Libyan Desert Glass Adventure!
of square miles of pristine, undulating sand dunes towering 600 feet above
the desert floor, dwarfing your Land Rover, threatening your puny human
existence. These dunes are 300,000 years old. They have slipped and twisted
over the desert for millennia before the first Egyptians built the smallest
mud and wattle huts, let alone the pyramids. And for all that time the
dunes have hidden secrets and treasures along their sinuous flanks, like
precious stones sewn into the hems of twirling, gypsy scarves. Leave it
to Robert Haag to lift the veils for a peek beneath.
We flew into Cairo and from there set out by road to Farafra, the last oasis. Beyond Farafra stretched something out of a movie set. We spent 12 days in the desert, 1000 kilometers beyond the last known road, navigating by satellite, like sailors on a great, sand sea. The
|dunes ran in straight lines for hundreds
of miles -wave after wave of snaking lines of sand. In the valleys and
troughs between, we found the meteorites.
Meteorites, naturally, were why I was there in the first place, thousands of miles from home and a thousand kilometers from the end of the middle of nowhere. As on many other trips to obscure and remote places of the globe, I was looking for anything forwarded from an outer-space address, but on this trip, we were specifically hunting Libyan desert glass, a particularly lovely variety of tektite.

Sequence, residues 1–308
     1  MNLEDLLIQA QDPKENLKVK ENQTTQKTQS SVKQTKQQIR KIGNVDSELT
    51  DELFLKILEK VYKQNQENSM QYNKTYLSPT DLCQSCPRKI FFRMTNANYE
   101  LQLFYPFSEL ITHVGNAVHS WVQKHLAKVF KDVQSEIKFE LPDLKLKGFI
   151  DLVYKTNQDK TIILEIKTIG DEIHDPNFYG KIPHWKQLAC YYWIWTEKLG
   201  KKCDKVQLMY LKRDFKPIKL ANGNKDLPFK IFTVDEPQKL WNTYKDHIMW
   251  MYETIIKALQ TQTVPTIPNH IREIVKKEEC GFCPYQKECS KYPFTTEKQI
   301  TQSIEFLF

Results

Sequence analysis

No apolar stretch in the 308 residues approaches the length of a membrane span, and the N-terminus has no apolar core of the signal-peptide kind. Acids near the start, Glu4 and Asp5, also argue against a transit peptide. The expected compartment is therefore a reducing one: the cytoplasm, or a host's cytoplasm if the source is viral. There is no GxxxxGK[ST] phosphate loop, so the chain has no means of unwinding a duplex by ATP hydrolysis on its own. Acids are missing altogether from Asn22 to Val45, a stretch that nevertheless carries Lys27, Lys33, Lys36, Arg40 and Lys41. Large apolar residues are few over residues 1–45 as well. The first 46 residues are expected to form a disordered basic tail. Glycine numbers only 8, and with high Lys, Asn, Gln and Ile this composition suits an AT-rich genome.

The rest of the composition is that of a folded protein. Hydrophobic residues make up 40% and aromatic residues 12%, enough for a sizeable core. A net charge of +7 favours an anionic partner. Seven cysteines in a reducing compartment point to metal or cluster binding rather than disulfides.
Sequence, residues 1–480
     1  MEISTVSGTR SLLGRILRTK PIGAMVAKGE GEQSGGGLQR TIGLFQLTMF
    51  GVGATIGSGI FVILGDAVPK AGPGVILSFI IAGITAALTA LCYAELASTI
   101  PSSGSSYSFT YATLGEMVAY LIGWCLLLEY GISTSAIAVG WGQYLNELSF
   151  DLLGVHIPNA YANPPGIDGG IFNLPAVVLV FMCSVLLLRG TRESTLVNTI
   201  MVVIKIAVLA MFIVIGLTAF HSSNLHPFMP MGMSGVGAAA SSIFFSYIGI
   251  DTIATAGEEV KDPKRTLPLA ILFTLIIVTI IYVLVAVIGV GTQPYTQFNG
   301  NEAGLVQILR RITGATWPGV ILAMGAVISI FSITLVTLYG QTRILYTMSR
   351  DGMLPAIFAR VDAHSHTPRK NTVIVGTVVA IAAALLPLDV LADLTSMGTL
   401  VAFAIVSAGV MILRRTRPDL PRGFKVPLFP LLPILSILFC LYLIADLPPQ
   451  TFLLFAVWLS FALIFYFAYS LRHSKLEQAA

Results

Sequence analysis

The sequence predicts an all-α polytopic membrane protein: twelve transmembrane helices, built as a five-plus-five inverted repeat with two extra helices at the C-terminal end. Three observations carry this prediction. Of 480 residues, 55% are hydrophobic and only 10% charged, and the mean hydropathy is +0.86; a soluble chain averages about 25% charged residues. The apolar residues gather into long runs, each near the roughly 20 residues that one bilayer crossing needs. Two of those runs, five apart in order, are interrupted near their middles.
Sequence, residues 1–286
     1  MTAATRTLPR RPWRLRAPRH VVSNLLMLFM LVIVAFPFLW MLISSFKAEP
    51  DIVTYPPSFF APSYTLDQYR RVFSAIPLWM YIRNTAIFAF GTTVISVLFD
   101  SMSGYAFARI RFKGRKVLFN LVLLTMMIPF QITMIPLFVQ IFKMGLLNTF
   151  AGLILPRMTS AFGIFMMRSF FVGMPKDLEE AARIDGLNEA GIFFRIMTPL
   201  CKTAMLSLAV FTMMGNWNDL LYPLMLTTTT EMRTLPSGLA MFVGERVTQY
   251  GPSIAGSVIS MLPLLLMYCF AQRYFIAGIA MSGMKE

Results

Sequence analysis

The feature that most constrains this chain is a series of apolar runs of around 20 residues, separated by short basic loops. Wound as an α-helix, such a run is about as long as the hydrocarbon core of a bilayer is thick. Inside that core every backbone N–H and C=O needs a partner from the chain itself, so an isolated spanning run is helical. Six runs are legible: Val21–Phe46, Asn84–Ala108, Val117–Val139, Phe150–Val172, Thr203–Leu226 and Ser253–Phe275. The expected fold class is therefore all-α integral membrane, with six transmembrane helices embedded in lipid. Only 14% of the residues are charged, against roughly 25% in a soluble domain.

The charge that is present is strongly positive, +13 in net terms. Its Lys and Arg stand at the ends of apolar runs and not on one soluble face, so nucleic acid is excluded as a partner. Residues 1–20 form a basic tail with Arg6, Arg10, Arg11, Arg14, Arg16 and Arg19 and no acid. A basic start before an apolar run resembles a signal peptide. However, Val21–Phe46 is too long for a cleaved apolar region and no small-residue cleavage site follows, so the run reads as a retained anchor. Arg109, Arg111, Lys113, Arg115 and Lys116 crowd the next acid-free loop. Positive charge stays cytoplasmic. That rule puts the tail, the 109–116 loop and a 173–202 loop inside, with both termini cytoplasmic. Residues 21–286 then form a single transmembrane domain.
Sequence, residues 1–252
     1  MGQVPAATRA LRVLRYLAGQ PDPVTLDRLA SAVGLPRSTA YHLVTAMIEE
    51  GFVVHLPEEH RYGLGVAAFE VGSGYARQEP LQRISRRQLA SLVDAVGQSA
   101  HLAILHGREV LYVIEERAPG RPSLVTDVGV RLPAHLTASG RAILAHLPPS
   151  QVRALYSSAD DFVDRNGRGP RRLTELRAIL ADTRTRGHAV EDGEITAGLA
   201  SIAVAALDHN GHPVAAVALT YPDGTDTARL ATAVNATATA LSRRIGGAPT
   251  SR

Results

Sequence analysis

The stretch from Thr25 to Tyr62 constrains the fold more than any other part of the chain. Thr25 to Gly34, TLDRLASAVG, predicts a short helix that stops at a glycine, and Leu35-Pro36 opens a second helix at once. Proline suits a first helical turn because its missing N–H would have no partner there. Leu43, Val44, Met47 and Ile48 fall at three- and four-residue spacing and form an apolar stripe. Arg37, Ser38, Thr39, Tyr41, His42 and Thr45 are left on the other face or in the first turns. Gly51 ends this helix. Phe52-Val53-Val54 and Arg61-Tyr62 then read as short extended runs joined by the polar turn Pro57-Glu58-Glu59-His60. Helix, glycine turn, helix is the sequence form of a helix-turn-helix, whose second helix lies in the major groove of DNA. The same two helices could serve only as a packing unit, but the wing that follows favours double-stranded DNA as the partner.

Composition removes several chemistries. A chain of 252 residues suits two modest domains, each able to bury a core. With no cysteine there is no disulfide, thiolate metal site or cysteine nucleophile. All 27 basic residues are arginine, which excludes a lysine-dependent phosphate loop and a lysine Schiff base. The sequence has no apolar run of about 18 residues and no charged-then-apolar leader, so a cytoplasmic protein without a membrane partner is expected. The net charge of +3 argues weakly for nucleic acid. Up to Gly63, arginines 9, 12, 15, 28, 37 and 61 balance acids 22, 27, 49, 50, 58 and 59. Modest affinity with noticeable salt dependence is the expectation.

Libyan desert glass, 29 million years ago was probably formed when an asteroid or comet hit the surface of the earth like a huge atomic bomb, unleashing enough destructive force to not only liquefy the rocks, sand and dirt at ground zero,
|but to splash the molten, mixed material
up into the wispy outer atmospheric regions. Perhaps some escaped Earth's
gravity altogether; the rest plummeted back in a rain of fire and molten
glass. The crater marking the original impact site has not been discovered
- no doubt it is under millions of pounds of sand. But wherever the original
impact responsible for Libyan Desert Glass occurred, the results came to
rest in the wilds of the Western Egyptian desert.
I had been invited on this expedition by my friend and fellow meteorite collector, Alain Canon and his son, Louis, who are French. Other members of the group included Michelle and Olivier, two free-lance writers, and Didier, a noted mineralogist and adventurer. Sam and Walli were our drivers and guides. Between them they've logged over a million miles of treacherous sand dune driving. And I mean treacherous. You've never seen any-
|thing like it. Out there, death sits on your
shoulder like a vulture - one insignificant little accident and you're
just... dead. I found out quickly that surviving the desert is in the details.
We were riding in two, 4-wheel drive turbo diesel trucks. All the fuel,
all the water, all the food, all the spare parts we were possibly going
to need, all had to come along with us, because if we got into trouble,
we couldn't just call MA to come and tow us into town. In fact, if you
get in trouble out there, you're probably in the worst trouble of your
life. We were carrying 150 gallons of fuel per vehicle, and 150 gallons
of water, and I didn't think it would be enough.